Once in awhile, when darkness falls, I will sling my trusty hedge trimmers over my shoulder and march up and down my street looking for neighbors whose brush encroaches on the sidewalk. I will snip, snip, snip as fast as I can and scurry off to the next offender.
Before you think I’m that one weird-ass neighbor every has, let me explain.
A handful of my neighbors do not regard their lawn as something that deserves care or maintenance. Fine and dandy. It’s their property to do what they see fit. However, when their overgrowth overtakes the sidewalk, it’s a slap in the face of all neighbors. When elderly people and children are forced to walk in the street, it’s downright villainous. VILLAINOUS, I SAY!
But day after day, no neighbor comes forward to speak to the offenders and the growth continues to expand.
Except for me.
I’m coming forward, mother f’ers.
I realized that in order to take care of business, there were a couple avenues I could pursue:
1.) I knock (more…)
I have a friend.
His name is Tyrone.
Tyrone is homeless.
We’ve been buddies for years now, and we have each other’s backs.
Our favorite pastime is to hang on my front porch, chewing the fat on the troubles and joys of this beautiful and sometimes hateful world.
I could write a novel on our relationship — like when he and I pooled our resources to buy him a van to sleep out of, or when he wanted to heal the stye on my eyelid with a needle and whiskey — but I don’t feel it’s appropriate or necessary to write about it in a public way. Maybe one day.
However, there is one thing I want to share:
Two days ago, my boyfriend mentioned to Tyrone that I lost my job.
Yesterday Tyrone came by my house to gift me lunch.
Tyrone, who has no home, no steady employment and who struggles to find healthy and satiating meals on a daily basis, brought me lunch because I lost my job.
I love Tyrone.
And I’m thankful for his friendship.
(Note: I used Prisma to obscure Tyrone’s face to respect (more…)
I saw you walk into the diner with your husband.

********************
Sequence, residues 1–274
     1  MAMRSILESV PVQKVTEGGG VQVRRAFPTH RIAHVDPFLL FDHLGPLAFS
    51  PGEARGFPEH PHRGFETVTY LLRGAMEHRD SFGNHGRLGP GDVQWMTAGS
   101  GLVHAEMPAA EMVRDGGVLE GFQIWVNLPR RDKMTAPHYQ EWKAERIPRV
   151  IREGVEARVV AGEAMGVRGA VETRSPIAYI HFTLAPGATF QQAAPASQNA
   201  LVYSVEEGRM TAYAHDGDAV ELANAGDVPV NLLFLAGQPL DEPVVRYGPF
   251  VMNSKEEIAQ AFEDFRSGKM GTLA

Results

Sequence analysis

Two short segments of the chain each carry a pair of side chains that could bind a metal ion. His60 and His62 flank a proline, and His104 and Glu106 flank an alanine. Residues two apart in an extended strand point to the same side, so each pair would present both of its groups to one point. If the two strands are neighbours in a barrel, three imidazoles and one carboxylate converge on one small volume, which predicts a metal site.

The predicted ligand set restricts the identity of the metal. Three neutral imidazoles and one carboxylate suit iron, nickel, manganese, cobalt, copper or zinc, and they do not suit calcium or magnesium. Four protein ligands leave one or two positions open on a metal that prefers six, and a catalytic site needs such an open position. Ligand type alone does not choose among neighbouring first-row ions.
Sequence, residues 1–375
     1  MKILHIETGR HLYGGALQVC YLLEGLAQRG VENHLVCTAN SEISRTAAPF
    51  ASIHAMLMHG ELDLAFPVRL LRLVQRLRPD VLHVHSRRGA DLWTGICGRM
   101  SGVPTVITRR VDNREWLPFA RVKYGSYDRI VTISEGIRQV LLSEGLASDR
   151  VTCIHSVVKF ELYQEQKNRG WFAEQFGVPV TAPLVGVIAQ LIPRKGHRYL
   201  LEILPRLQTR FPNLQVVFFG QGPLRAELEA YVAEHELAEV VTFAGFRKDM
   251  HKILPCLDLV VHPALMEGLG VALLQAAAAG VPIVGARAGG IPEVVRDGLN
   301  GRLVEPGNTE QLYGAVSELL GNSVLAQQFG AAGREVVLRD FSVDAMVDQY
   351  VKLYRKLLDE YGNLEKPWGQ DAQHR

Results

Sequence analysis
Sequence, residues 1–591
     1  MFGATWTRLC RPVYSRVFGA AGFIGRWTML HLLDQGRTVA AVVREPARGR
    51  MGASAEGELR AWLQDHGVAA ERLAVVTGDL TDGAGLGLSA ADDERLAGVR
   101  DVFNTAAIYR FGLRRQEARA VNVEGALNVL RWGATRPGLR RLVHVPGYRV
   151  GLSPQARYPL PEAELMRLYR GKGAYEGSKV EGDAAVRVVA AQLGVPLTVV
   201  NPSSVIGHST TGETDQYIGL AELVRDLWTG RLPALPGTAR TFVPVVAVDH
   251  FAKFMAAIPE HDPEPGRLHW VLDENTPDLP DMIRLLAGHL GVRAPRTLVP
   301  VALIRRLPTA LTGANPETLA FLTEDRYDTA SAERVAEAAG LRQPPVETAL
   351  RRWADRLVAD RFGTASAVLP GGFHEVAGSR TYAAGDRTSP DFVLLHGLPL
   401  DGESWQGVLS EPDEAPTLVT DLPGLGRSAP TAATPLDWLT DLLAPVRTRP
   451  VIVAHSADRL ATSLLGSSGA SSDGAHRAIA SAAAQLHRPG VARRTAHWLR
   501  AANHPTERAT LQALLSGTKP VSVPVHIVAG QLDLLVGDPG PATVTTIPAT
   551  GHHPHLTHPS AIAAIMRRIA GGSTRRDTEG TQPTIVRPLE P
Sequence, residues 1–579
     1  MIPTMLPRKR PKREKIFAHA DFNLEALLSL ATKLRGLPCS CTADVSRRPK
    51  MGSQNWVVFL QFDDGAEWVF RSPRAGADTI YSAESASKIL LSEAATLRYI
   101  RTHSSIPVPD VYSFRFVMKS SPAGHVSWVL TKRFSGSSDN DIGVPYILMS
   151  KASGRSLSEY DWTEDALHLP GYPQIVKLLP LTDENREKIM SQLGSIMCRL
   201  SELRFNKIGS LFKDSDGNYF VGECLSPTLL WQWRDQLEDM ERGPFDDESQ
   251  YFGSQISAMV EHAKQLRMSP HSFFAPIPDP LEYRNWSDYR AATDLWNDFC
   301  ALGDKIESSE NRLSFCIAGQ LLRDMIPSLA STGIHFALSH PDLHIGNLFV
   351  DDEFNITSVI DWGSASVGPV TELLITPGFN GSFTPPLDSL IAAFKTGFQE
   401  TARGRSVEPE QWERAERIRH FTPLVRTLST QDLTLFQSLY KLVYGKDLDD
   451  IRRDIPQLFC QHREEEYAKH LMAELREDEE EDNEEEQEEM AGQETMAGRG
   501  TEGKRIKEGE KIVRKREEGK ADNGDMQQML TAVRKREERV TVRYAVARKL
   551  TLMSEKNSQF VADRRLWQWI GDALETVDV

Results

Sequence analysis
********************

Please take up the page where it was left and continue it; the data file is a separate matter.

Your back tired from years of living; your face pointed to the ground.
I saw you walk into the diner and I thought to myself I don’t want to get old.
I don’t want to sit across from my love and sit in silence because I cannot hear, I cannot see.
I saw the cataracts floating in your quiet eyes.
I saw your knuckles rising like mountains through the terrain of your hands.
I saw the permanent scowl you never asked for.
I daydreamed about your life, your marriage, about the emptiness you might feel right now.
I watched you from over my love’s shoulder, sitting in silence, staring at the table, lost in your own thoughts.
I also watched as you picked up your straw and blew the wrapper into your husband’s face.
And I watched as you clapped your hands and laughed until tears formed in your no longer quiet eyes.
Inspired by Kelly Oxford’s tweet, I asked my friends and family to share their stories of assault. I was not prepared for the answers I received.
In order to protect the identity of those who were brave enough to share their stories on my Facebook status, I will not share their comments, but I will tell you that within a few hours of asking my peers if they’ve experienced sexual harassment or assault, 50 women responded.
These 50 women wrote of being raped by loved ones, people they trusted.
They wrote of being groped by medical professionals or bosses.
They wrote of having their breasts grabbed or their vaginas or buttholes fingered by friends at school or strangers at a bar.
They wrote of being harassed “too many times to count.”
A few women shared their stories for the first time.
Some shared their stories with me privately.
The stories came from women ages 20 to 70, and they were all difficult to read. However, their responses reconfirmed several truths including (more…)
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